Don’t Get Stuck in a Pile-up

February is upon us, and in most of the U.S., the month brings with it the worst weather of the year. The combination of snow, ice, and fog unfortunately often result in major traffic accidents, such as a 200-vehicle pile-up in Michigan in January, 2005–one of the worst in recent U.S. history. Incidents of this scope obviously cause major disruptions; highways are usually closed for hours, if not days, depending on the extent of the damage.

Although not nearly as disastrous, pile-ups in your writing can also obstruct your reader’s way through your message. What am I talking about?–a phenomenon sometimes called prepositional pile-up.

First of all, let’s look at what a preposition is: one of those little words such as at, by, of, on, to, about, before, after, behind, during, for, from, in, over, under, and with that are followed by at least one other word, usually more. These prepositional phrases describe location, time, how the actor performs the action described in the sentence (i.e., an adverbial phrase), and so on.

Some examples:

On the highway, behind a truck (location); in the morning, during a snowstorm (time); with great care, in a hurry (adverb, describing how an action was done).

So prepositional phrases can be useful in rounding out a complete picture of what’s going on. The problem comes in when there are too many of them too close together, like cars in a pile-up:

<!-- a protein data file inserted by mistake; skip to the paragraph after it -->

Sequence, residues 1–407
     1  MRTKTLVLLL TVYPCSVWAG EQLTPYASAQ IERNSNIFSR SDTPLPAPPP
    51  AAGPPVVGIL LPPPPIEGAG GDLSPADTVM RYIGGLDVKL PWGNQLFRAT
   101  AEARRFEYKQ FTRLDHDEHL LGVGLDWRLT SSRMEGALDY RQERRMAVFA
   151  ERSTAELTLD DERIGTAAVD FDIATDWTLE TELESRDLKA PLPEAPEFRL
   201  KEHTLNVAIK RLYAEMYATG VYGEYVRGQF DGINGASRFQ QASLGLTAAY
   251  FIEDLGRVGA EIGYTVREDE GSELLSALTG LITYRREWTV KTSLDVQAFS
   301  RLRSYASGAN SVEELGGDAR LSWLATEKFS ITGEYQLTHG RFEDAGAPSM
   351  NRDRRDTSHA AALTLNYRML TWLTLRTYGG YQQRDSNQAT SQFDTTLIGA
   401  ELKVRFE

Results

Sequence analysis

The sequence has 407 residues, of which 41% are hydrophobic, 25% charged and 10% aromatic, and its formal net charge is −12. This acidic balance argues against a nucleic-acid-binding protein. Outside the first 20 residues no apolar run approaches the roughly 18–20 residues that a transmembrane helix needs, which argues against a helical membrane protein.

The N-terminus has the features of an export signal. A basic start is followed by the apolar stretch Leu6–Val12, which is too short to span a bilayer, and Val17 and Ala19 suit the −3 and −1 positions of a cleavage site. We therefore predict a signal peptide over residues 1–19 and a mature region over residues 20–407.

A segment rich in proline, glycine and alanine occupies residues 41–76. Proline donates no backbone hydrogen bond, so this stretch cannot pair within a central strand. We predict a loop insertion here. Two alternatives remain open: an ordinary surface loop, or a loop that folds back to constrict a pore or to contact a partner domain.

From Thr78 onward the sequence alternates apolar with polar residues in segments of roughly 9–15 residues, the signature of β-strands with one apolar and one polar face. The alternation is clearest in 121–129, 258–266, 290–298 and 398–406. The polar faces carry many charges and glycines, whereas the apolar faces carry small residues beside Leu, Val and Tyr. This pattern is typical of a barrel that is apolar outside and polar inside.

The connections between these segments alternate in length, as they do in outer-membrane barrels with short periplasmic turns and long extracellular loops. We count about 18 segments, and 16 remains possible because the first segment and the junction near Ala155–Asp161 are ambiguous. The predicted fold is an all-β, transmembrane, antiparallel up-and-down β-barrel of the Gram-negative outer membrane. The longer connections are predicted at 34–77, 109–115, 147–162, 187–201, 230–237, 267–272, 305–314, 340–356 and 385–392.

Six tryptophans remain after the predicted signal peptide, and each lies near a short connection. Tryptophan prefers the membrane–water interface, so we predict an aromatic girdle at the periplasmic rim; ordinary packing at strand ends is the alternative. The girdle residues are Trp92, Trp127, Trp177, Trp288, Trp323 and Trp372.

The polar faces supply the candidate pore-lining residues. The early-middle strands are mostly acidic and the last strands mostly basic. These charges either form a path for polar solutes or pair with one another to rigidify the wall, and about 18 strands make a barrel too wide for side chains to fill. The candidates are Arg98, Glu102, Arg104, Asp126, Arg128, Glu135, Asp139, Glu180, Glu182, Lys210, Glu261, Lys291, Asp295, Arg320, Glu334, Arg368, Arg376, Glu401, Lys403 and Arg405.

All of the trucks on the highway during the storm pulled off the road due to high winds from the east.

That’s six prepositional phrases in one sentence! Contrast that with the advice given in the Chicago Manual of Style (my favorite style manual!), which recommends using just one preposition per every 10-15 words. Why? Because too many prepositional phrases can obscure the main idea of the sentence. Come to think of it, what was the point of that example again? Oh, yeah, trucks pulled off the road because the weather was bad.

Additionally, when you read a sentence with many prepositional phrases aloud, it can take on a sing-songy quality that distracts listeners from the point. Read the above out loud to try it out. Didn’t your voice fall into a kind of rhythm, something like DA-da-da DA-da-da DA-da-da…?

So how could we rewrite this sentence? Take the main idea:

Trucks pulled off the road because the weather was bad.

Then add the ideas in the prepositional phrases back in, but using other words:

Every truck traveling the highway pulled off the road because of the storm’s strong easterly winds.

So now we have:

  • Every truck, instead of (All) of the trucks;
  • traveling the highway, instead of on the highway;
  • the storm’s, instead of during the storm;
  • easterly winds, instead of (winds) from the east.

We still have two prepositional phrases–off the road and because of the storm’s strong easterly winds–over the course of 18 words, so we haven’t quite met Chicago’s ideal, but I think you’ll agree that it’s much easier to quickly grasp the main idea in this version.

So this time around I have a challenge for you! Be on the lookout for prepositional pile-ups, and see if you can top my example with six in one sentence. If you can’t find any “in the wild,” try making some up. After finding or inventing your pile-ups, try rewriting them – can you reach the goal of just one preposition in 10-15 words? Please comment below and let me know how you do!

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